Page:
When it comes to EVs, it’s the economics that stack up

Philip Heathcote of UK Power Networks Services talks the future of rail, road and flying as we take on the decarbonisation challenge

Philip Heathcote, Head of Markets at UK Power Networks Services, joined me for a conversation all about the challenges to decarbonise our transport sector.

We started with trains – Philip tackled the two-pronged approach most recognise facing the rail networks.

“Which technology takes the lead in rail? Well, you’ll see talk of electrification and talk of hydrogen.

“In parts of the German network hydrogen is already proven. As for classic electrification of lines, it’s over a million pounds per kilometre so it’s not a small investment!”

Philip says there can be a compromise and that’s using batteries.

“I think there is a third way. Which is not electrifying the lines but modifying the stock so it’s battery-powered.

“Battery-operated trains have been trialled in the UK, the range is about 50 kilometres and the cell technology is improving all the time. So I do think there’s a third way and we are working with Network Rail looking at charging infrastructure.”

What about cars? I am in the ‘dirty diesel’ camp right now though my diesel motor is actually much cleaner and low emission than my previous petrol motor. But of course I would like to shift to electric or should that be hydrogen-powered?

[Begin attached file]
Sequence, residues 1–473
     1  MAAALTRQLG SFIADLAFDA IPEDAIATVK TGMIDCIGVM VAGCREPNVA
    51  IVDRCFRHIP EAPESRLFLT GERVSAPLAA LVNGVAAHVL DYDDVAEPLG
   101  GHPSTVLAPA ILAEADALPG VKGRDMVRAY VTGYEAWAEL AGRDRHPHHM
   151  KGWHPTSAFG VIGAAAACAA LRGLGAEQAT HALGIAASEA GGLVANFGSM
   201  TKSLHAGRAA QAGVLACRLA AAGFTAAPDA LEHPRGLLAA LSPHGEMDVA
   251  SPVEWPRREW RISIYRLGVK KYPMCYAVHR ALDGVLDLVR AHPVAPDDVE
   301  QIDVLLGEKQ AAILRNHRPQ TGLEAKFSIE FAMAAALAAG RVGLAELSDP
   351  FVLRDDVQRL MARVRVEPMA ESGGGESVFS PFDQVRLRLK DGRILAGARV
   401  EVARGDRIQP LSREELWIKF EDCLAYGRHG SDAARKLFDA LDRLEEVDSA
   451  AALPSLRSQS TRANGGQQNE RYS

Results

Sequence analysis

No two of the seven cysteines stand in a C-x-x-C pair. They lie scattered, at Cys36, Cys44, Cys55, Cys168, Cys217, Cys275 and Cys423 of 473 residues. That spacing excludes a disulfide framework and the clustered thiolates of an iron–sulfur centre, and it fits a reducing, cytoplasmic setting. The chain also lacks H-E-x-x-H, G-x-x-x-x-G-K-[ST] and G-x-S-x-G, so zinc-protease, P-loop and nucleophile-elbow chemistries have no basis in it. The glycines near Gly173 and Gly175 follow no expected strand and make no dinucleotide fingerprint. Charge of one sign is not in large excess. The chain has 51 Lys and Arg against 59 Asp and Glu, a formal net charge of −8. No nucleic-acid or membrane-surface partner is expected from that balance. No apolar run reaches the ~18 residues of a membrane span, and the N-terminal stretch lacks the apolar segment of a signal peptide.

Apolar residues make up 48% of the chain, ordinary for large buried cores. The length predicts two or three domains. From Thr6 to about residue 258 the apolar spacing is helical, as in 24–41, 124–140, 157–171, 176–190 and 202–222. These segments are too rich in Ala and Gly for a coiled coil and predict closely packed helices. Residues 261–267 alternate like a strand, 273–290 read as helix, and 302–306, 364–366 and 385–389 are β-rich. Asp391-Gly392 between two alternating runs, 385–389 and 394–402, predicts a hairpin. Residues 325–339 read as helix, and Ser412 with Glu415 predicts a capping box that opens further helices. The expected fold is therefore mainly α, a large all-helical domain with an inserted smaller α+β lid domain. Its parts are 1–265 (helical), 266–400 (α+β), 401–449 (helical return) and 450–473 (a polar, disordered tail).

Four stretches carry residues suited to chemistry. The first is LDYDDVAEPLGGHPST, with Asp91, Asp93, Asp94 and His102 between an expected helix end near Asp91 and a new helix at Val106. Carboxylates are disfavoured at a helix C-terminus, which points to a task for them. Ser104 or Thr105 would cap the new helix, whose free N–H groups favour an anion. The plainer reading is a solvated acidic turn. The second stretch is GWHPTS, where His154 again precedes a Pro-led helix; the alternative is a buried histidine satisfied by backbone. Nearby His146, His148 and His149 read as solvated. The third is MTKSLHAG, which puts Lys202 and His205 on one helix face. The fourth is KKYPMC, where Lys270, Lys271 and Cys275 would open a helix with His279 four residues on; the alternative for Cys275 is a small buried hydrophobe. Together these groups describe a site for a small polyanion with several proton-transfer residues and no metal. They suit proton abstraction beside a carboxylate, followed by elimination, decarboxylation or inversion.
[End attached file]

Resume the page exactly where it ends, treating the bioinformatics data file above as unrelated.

“I personally think electric vehicles will be ahead of hydrogen vehicles. There’s a first-mover advantage.

“Yes, we need the charging infrastructure. We’ve been doing a lot of work in the commercial vehicle space. We’ve worked with UPS who have been electrifying their Camden depot which has  170 vehicles.

” We’ve worked with them to prove the technologies and linked it into storage.  And some smart software to charge when its cheapest and greenest. That trail was successful and now they are rolling out the solutions across Europe.

” The van drivers have to think differently, have to charge the vehicles but UPS came back and said the drivers love EVs as they’re quieter, less vibration and so they got an employee engagement kicker out of it too, as well as environmental and economic kicker.”

And that Philip pointed out is the key factor in transition.

“The business case is changing, the capital costs is coming down, the economics stack up as well as the environment and, at the end of the day, if you’re a hard-headed business person it’s the economics that matter.”

Listen to the full podcast where we also discussed decarbonising flying and shipping.

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